Date of Award


Document Type


Degree Name

Doctorate of Education, Ed.D.


College of Education



First Advisor

Donna Graham, Ph.D.

Second Advisor

Michael Jazzar, Ed.D.

Third Advisor

Anastasia D'Angelo, Ed.D.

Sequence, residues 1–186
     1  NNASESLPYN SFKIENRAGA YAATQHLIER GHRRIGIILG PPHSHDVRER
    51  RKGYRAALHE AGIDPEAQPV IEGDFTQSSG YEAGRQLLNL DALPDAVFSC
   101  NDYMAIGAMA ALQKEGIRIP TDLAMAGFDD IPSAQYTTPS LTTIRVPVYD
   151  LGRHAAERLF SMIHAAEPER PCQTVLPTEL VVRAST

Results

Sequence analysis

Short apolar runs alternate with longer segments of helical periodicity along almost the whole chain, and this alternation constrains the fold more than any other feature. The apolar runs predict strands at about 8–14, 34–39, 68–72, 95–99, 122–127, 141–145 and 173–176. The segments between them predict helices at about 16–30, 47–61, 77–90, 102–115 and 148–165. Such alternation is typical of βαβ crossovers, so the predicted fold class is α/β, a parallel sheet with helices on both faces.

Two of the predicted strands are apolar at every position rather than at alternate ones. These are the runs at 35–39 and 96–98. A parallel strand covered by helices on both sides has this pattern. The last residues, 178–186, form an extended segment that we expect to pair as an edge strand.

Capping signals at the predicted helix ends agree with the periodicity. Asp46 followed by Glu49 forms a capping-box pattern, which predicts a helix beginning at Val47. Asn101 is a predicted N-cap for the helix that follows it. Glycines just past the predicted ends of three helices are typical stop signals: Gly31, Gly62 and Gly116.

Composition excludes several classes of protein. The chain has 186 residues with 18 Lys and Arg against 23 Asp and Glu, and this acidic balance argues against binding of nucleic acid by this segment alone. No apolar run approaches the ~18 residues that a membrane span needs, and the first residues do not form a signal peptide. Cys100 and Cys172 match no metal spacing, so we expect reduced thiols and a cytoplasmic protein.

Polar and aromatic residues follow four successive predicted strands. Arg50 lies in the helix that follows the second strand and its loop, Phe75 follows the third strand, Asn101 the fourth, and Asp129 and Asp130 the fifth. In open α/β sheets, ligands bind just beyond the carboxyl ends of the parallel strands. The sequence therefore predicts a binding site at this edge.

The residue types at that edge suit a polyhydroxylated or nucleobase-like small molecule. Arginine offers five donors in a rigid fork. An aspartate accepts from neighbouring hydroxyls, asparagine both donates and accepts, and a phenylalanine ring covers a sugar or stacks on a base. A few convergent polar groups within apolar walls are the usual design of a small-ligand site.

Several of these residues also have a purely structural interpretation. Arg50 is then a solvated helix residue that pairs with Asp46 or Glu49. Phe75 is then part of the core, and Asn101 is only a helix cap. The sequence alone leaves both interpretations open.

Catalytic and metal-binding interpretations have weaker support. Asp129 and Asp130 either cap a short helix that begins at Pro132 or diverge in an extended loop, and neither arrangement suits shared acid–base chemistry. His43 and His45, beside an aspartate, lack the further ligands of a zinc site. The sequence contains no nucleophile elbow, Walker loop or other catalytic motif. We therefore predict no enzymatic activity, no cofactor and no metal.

The idea that today’s learners possess uniquely advanced digital skills continues to persist in the field of education, yet a significant void may exist between the formal digital literacy skills today’s students possess and the essential skills they need to be digitally competent, lifelong learners. The purpose of this research study was to explore teachers’ and students’ perceptions of students’ digital literacy for learning. These two research questions guided the study: 1) How do teachers perceive their students’ digital literacy skills as effective for learning? and 2) How do students perceive their digital literacy skills as effective for learning? Calvani, Fini, and Ranieri’s (2009) Digital Competence Framework served as the theoretical foundation for the study. Fourteen individuals, seven middle school teachers and seven middle school students, participated in the study. The data sources consisted of questionnaires, individual interviews, and focus groups. Data sources were coded and utilized to determine both teachers’ and students’ perceptions of digital literacy for learning. Results of the study indicated that teachers perceived students’ digital literacy skills both positively and negatively. Conversely, students’ perceptions of their digital literacy skills were generally positive. The findings of this study indicated that the students perceived their digital literacy skills much more confidently than teachers perceived those skills. Also, the researcher identified specific negative perceptions of students’ digital literacy skills for learning and provided recommendations for advancing students’ digital competence in the classroom and beyond.

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